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Comics and New Zealand and Weta

One thing’s for sure. If you make comics in New Zealand, you make em’ for love. That might be true for most people who work in comics, cos there’s just something really pure about making comics, but it’s emphatically true here.

Growing up in New Zealand I was obsessed with 2000AD and Judge Dredd. I loved to draw and invent worlds and characters and I knew comics were in my future. You realise quick enough though, that in a small island country like New Zealand, isolated by oceans and thousands of kilometres from the rest of the world, that you’re really not going to get a job making them.

When I decided to start making comics (after I left my hometown of Whakatane for Hamilton city, which actually had a comic store) there was only one way to make comics that I knew of: Write and draw them yourself, photocopy them at the local photocopiers (hogging the store’s only photocopier for hours at a time), staple them together and sell as many of the 20 copies that I could be bothered making to the highly uninterested man at the comic store down the road. Actually, it was sale or return, meaning you only made the fifty cents-a-comic back after someone actually thought to themselves “What is this inept blurry black and white nonsense with dinosaurs and robots fighting? Oh look, I have fifty cents in my pocket and need toilet paper but can’t be bothered going to the supermarket!”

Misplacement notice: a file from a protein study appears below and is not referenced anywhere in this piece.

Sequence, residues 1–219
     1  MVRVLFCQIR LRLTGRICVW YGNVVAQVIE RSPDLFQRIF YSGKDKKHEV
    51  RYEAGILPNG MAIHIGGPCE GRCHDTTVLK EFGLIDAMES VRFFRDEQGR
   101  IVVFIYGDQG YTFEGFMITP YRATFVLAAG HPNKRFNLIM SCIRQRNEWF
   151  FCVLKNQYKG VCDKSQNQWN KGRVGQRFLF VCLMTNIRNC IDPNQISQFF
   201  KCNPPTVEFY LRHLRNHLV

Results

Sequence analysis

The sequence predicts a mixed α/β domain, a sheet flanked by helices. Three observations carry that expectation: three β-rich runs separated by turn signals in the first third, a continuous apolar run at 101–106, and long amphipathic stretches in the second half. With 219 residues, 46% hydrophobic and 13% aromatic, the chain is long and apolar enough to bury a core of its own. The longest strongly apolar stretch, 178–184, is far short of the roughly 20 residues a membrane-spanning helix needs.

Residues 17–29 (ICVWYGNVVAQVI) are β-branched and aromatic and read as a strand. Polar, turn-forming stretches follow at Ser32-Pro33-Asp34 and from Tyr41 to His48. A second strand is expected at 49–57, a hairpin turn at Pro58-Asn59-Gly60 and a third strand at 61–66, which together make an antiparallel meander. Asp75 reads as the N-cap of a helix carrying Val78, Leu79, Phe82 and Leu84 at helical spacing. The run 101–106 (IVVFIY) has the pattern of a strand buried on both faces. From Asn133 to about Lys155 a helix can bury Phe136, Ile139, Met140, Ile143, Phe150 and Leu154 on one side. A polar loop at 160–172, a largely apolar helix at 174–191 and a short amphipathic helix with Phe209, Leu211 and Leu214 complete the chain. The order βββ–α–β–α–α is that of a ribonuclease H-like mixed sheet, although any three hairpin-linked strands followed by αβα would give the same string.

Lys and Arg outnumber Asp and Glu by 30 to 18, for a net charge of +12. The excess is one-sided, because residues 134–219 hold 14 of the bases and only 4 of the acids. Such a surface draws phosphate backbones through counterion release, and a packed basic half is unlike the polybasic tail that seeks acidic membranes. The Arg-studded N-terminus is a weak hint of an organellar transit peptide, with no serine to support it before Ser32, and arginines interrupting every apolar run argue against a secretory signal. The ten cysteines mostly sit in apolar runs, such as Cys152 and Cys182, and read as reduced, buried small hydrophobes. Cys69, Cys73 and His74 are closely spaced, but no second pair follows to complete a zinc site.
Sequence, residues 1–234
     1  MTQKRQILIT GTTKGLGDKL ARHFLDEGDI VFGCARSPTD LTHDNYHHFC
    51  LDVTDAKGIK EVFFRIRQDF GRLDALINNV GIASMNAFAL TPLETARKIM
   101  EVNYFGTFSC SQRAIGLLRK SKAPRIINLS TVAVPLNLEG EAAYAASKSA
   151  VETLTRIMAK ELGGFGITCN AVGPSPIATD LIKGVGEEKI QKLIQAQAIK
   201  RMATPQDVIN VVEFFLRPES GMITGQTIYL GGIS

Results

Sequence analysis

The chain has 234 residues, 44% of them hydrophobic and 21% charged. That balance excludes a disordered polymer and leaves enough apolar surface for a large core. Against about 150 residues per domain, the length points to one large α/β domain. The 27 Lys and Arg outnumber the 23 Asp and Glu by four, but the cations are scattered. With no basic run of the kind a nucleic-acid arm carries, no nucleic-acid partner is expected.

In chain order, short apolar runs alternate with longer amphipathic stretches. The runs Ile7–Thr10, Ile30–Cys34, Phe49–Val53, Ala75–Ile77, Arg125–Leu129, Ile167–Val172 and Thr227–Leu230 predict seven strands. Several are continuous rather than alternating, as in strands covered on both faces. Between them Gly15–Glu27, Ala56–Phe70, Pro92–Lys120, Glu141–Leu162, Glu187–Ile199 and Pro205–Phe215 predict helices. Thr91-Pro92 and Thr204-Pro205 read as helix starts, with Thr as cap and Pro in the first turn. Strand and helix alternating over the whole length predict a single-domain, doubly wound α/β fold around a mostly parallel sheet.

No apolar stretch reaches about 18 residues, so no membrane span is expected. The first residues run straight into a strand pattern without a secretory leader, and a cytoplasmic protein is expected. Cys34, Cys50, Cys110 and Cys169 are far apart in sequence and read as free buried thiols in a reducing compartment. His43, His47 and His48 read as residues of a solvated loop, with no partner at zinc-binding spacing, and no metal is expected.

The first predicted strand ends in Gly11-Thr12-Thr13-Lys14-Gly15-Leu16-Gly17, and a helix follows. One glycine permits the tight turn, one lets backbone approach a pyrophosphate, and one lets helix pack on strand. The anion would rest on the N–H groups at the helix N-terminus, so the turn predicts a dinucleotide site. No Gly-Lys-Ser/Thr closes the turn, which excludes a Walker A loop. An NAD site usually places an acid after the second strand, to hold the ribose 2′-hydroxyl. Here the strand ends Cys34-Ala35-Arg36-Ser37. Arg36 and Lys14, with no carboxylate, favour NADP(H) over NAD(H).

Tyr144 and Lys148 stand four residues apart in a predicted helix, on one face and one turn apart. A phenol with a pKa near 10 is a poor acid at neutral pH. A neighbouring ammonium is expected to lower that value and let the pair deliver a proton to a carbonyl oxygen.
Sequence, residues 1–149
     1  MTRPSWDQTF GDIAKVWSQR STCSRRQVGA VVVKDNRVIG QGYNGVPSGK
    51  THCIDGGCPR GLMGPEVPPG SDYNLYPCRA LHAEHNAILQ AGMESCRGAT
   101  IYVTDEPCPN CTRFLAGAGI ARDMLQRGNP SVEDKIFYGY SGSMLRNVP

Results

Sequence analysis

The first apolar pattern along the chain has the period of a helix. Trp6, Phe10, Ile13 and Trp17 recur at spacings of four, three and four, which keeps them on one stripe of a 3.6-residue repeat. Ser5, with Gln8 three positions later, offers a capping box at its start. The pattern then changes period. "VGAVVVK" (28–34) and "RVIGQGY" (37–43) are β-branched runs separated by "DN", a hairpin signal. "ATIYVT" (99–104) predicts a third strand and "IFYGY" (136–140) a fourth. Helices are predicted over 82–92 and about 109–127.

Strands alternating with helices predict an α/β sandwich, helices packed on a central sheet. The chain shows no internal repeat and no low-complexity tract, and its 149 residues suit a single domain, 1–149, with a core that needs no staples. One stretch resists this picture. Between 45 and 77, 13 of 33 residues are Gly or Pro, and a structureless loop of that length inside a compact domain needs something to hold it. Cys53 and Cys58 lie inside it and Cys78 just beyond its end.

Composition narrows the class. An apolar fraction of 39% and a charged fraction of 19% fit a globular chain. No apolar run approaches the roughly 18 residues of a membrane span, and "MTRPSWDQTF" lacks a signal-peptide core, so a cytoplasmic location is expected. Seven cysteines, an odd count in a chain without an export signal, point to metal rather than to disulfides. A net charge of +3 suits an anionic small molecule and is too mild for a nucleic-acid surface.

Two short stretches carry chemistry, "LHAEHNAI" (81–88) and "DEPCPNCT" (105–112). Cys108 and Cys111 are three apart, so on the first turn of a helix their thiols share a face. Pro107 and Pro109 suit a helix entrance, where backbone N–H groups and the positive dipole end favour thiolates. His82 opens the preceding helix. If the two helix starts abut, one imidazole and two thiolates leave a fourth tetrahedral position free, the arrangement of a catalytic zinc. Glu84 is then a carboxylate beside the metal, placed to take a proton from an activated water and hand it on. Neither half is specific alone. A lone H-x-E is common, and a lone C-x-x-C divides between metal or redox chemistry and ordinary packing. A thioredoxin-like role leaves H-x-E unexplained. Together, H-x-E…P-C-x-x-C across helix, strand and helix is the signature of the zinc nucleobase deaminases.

So I would check back in every few days to see how many actually sold and be filled with joy when one had disappeared off the shelf, only to be gutted when I found it behind some other local comic.

I must have sold 30 or 40 comics total this way in my entire life.

But I made em’ anyway, cos I loved em’. That and I was unemployed so I had a lot of spare time.

And that would have been that for me, and I was quite happy with it. Comics, punk rock, beer – cheap habits all. But then Peter Jackson went and made the Lord of the Rings, which blew my goddamned mind, and living in Wellington at the time I thought I should try my luck getting into on what looked to be the best place on Earth – Weta Workshop.

It turns out Weta Workshop is not the best place on Earth – that is ‘any beach in Rarotonga’ – but it is bloody amazing nonetheless.

If you’ve heard of Weta, it’s likely due to the film work on LOTR, District 9, Avatar etc, but the great thing about the Workshop is that it’s really just a big magnet for ridiculously talented artistic people, who’ve just happened to have had their creative energies angled towards the making of movies.

It’s a home of sorts for artists of all types. Comic artists, sculptors, painters, fashion designers, graphic artists, musicians and many more that I couldn’t guess.

And it makes perfect sense – Richard Taylor, co-founder and creative director of Weta Workshop, is simply an artist himself and an enabler of artists. He loves to make art and sculpture but has found a home in film.

Luckily, he likes comics too.

At the Frankfurt Book Fair, you can meet Greg and his colleagues from Weta Workshop, Richard Taylor and Martin Baynton, at the StoryDrive Masterclass “Across all channels: From book to film to game – and back again” on Friday, October 12, 1.30 pm, or at a Weta Workshop session at the Guest of Honour Pavilion (Forum, Level 1) on Saturday, October 13, 4.30 pm. He also holds a session about “The making of Steampunk” on Saturday, October 13, 10.45 am.

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  • Mike Goodman

    Greg,
    Really enjoyed your comments here, particularly about how you started out. I think I might have bought one of your comics from Mark One in Hamilton back then, but dammed if I can find it now. Bit out of the loop now comics-wise,but if you ever did any reprints of the early stuff point me to them please.
    Mike Goodman